I have a 3 1/2 month old rottweiler puppy who loves to eat my rose bush, I have tried everything...
to keep him away, and the bush keeps getting smaller and smaller. What other product is out there could I use?
At the moment your dog is very young and keen to get his teeth on anything, he's just like a two year old child. Don't let your dog dictate what is supposed to happen, you are the responsible one. This type of dog needs a lot discipline, walking on the lead, listening for your commands to educate it. It thinks of the rose bush as a play item because you haven't told it that it isn't, be firm, give your dog other items to play with and reward him when he's good and chastise him when he's done wrong. Try walking with him and another dog walker, dogs learn from each other. Join a dog class when your dog is 6 months old, not before. My dog eventually became my soul mate so don't be in too much of a hurry. Enjoy your dog and love him, he will love you back ten fold.
I have bought him plenty of chew toys, and I've rewarded him when he does good. And it still doesn't work. Needless to say, my rose bush has been chewed up! There maybe two little stems left on it, but thats it.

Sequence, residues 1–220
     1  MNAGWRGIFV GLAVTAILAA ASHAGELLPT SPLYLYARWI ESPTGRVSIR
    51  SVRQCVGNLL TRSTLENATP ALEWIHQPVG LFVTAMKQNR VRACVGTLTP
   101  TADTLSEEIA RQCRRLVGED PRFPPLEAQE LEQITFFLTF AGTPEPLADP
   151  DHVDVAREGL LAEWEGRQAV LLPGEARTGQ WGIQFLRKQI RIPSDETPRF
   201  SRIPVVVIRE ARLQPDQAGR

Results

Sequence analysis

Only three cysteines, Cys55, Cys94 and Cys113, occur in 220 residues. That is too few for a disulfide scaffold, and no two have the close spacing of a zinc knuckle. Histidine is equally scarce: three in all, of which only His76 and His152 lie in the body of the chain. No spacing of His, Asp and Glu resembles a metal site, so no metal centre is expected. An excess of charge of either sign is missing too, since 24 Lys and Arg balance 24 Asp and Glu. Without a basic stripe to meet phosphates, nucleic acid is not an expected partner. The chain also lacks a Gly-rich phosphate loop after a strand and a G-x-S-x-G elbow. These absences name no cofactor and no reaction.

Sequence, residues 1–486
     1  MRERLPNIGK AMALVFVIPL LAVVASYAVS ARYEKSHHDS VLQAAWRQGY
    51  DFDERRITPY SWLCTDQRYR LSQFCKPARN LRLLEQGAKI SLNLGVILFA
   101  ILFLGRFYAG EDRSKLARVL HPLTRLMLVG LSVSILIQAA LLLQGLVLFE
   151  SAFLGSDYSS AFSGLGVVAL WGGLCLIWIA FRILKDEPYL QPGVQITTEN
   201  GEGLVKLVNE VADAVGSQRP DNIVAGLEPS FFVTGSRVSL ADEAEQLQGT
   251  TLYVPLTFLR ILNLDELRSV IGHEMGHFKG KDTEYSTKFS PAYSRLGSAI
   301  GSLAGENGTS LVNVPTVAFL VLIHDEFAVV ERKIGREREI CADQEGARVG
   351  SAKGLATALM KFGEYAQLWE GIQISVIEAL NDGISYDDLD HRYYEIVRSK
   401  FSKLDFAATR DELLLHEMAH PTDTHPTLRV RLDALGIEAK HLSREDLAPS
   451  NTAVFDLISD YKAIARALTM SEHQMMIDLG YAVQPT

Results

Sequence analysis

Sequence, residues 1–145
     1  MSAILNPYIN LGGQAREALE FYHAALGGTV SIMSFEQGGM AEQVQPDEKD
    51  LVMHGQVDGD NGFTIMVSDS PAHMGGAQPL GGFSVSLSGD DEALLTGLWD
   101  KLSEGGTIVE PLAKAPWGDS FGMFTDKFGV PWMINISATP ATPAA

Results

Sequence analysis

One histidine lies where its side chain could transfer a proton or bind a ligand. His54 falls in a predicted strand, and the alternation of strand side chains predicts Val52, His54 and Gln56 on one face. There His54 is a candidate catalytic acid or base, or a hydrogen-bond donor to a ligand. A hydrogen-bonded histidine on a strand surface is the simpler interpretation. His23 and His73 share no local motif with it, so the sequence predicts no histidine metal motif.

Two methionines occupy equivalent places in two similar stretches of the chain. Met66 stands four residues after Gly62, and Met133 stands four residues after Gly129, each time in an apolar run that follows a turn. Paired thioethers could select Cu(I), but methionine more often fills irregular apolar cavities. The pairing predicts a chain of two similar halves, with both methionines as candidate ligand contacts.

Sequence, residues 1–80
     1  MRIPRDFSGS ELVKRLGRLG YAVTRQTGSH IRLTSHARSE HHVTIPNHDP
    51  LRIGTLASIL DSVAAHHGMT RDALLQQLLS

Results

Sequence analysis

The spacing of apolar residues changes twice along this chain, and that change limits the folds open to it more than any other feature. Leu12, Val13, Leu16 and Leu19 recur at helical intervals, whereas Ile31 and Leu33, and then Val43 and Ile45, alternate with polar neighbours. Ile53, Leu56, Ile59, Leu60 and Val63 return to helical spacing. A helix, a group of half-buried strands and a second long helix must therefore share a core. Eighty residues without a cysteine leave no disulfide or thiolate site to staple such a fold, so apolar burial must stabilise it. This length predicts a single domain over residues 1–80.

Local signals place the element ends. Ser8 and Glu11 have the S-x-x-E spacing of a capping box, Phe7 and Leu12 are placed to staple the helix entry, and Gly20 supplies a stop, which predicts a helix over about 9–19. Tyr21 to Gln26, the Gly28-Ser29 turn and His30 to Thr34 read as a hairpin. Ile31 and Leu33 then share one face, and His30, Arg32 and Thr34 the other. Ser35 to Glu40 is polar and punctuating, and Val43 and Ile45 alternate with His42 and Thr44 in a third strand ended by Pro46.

No product needed. He's starting to teethe and is chewing what he can for relief. Here's what I've found works best. Take a cotton dishtowel, dip it in chicken broth (low sodium if you can find it, or just dilute it) and stick it in the freezer. The cold will numb the pain in his gums and the chicken broth will make it his absolute favorite chew toy. When he's done, have another in the freezer so he's always got one to gnaw on. He'll have his adult teeth fully grown around six months. For an added precaution, you can always spray a little bitter apple on the bush if you can't keep an eye on him constantly. Don't chastise a puppy until you know how to teach it the meaning of the word "no". This does NOT involve raising your voice or intimidation. I will be writing a hub on champion training techniques (based on "marker training" if you'd like to do some research) for puppies up to two years old that involve no force, fear, violence or punishment whatsoever.
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